The Bank of England (BoE) has published the results of its latest stress tests of the UK’s biggest lenders, with this year’s billed as the toughest the BoE has done since it began testing in 2014.
All of the high street lenders tested — Barclays, HSBC, Lloyds, Nationwide Building Society, Royal Bank of Scotland (RBS), Santander, and Standard Chartered — have passed, with Barclays and RBS moving up to a passing grade after failing last year.
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RBS — still 70 percent taxpayer-owned — was the most closely watched after it was last year forced to sell assets to raise an extra £2bn of capital.
Both that Barclays and RBS fell below their systemic reference points however, the capital ratios required to withstand shocks to the financial system without needing a government bailout, based on end-2016 figures.
The Bank also examined the impact of the UK’s exit from the European Union and concluded that even a disorderly Brexit would be no worse than the economic stresses the banks were asked to pass this time around.
Speaking at a press conference this morning Bank of England governor Mark Carney said the Bank would be able to support the UK banking sector if Brexit goes badly.
But at disorderly Brexit would still have an economic impact on households and businesses. He said:
There will be some pain associated with that.
Carney added that a no-deal Brexit would be undesirable for everyone involved.
Ever helpful, the Bank of England offered a checklist of items to mitigate the impact of Brexit which included:
- A clear EU-UK regulatory framework in place
- Timely agreement on an implementation period
- Legislation on both sides to preserve continuity of existing cross-border insurance and derivative contracts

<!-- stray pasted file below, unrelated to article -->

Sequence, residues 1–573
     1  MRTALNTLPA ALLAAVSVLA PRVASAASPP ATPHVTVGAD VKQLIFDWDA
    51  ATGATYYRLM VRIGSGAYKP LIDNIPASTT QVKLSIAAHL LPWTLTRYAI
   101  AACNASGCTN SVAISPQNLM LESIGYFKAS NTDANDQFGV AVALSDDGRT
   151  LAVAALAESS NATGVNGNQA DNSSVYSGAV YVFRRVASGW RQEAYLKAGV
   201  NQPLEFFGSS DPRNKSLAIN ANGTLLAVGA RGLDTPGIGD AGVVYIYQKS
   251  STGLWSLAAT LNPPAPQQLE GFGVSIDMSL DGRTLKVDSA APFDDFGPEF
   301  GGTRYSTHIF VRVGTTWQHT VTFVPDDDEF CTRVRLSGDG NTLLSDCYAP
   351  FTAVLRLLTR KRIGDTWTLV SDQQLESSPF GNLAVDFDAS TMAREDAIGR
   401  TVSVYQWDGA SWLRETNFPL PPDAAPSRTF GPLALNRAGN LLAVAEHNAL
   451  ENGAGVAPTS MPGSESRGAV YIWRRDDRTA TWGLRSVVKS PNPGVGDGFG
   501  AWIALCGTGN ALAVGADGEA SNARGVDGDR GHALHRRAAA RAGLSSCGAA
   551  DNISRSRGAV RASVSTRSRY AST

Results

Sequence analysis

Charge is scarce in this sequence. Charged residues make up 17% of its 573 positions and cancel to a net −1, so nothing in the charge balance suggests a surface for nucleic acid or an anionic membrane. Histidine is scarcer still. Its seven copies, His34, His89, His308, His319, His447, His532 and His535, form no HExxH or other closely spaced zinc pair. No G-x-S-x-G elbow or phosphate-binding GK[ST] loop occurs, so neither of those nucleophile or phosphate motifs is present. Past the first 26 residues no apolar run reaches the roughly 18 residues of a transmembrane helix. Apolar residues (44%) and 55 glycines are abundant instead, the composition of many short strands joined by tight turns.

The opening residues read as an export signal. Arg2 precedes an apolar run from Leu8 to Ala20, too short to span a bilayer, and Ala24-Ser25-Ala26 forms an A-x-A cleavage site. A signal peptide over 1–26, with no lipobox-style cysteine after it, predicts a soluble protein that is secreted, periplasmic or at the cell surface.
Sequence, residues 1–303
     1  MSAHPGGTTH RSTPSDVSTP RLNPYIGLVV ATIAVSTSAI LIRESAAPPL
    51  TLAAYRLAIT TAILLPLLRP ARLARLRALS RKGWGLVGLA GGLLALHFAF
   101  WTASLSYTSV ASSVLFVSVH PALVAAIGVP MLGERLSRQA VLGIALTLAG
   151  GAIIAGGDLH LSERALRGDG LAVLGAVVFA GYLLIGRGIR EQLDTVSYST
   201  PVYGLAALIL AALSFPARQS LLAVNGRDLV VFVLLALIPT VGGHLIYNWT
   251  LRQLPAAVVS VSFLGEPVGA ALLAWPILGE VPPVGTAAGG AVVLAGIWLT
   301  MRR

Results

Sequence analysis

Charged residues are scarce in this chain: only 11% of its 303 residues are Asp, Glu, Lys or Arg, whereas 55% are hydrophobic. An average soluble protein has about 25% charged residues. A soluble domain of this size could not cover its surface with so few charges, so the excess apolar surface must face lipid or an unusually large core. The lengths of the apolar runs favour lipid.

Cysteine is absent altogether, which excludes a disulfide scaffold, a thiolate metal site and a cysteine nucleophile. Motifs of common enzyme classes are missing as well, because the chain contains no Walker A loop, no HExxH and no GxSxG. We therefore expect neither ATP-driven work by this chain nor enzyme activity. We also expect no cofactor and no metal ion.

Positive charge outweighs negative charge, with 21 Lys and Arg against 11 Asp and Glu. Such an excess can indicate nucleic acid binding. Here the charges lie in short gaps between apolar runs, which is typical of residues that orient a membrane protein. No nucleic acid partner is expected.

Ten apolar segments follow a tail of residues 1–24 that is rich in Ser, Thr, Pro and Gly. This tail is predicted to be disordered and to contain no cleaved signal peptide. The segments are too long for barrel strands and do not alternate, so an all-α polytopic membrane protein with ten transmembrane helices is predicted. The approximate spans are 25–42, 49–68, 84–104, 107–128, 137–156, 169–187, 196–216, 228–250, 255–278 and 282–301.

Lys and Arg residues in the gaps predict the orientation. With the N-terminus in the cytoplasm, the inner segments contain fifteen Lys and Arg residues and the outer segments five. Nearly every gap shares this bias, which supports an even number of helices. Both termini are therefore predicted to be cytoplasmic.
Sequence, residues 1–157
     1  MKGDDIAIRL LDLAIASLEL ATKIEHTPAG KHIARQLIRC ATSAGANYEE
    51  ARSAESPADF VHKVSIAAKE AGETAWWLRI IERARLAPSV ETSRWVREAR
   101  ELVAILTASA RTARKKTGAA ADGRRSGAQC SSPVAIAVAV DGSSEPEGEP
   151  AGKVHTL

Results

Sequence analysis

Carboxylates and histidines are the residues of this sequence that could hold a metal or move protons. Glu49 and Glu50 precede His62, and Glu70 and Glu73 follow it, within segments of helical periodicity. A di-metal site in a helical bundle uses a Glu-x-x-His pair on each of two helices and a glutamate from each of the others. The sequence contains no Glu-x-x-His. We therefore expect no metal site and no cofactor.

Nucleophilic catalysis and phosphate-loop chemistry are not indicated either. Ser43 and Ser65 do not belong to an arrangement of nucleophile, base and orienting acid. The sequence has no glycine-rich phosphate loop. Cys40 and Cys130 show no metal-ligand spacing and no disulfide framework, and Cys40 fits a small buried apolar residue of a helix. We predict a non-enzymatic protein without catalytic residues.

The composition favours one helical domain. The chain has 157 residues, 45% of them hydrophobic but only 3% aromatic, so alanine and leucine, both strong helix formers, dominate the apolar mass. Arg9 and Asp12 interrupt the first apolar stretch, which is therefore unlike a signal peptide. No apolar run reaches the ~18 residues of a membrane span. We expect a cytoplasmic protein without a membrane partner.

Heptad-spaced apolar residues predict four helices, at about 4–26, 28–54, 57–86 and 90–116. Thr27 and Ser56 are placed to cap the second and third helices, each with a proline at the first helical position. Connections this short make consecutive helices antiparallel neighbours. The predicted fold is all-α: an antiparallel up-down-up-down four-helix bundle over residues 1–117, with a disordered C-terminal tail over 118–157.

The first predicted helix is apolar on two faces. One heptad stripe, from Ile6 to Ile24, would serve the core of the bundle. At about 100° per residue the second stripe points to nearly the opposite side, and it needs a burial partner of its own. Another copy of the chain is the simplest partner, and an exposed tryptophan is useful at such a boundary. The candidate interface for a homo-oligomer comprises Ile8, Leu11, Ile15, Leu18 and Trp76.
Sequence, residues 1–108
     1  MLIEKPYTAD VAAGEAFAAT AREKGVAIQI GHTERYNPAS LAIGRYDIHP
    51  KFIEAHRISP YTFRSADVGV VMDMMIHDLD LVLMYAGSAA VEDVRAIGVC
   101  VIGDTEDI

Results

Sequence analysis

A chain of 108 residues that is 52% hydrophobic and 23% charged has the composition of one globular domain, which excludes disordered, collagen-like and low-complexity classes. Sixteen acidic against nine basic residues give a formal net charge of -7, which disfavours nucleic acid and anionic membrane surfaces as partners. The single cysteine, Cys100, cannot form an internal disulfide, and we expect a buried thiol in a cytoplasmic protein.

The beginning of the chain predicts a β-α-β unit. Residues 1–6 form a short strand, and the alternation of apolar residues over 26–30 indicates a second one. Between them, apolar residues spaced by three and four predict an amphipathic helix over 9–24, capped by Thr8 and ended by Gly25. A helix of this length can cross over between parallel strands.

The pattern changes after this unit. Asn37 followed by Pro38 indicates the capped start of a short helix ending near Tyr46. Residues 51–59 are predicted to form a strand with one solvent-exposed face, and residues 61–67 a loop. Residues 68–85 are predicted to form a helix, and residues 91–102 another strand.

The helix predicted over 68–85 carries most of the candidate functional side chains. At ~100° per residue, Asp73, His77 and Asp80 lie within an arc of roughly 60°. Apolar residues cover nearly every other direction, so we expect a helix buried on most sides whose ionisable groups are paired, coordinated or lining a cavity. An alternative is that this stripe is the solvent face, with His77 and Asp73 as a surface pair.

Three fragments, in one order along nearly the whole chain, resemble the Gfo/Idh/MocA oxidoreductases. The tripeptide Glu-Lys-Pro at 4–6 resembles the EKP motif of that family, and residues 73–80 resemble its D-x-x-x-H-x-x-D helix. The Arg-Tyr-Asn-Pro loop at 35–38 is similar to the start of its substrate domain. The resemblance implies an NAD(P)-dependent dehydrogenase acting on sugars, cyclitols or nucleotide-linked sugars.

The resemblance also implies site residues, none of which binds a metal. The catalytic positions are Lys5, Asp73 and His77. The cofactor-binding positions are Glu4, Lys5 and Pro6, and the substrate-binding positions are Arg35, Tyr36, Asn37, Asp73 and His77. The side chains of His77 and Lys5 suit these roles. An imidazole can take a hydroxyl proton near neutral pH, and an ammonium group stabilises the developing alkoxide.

The Bank also announced it will raise the counter cyclical buffer, measure designed to add extra resilience while the sun is shining, from 0.5 per cent to one per cent by November 2018 and said its Prudential Regulation Authority (PRA) will make an announcement on authorisation requirements for EU bank branches, mainly in the wholesale space, operating in the UK after Brexit before the end of the year.
What are the stress tests?
Introduced in the wake of the financial crisis, the annual stress tests are meant to probe whether banks’ balance sheets can withstand major shocks to the financial system — such as a housing market collapse.
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The Bank is simulating UK GDP crashing 4.7 percent, world GDP down 2.4 percent, unemployment hitting 9.5 percent, house prices diving a third and interest rates climbing to four percent.
Many have said this simulation is worse than the 2008 financial crisis and its aftermath.
The tests cover two scenarios, as the BoE explains here:
Alongside the annual cyclical scenario, the BoE for the first time is running an additional exploratory scenario every other year.
This considers how the UK banking system evolves in an environment of weak global growth, persistently low interest rates, stagnant world trade and cross-border banking activity, increased competitive pressure on large banks from smaller banks and non-banks, and a continuation of costs related to misconduct.
The test has a seven-year horizon to capture these long-term trends.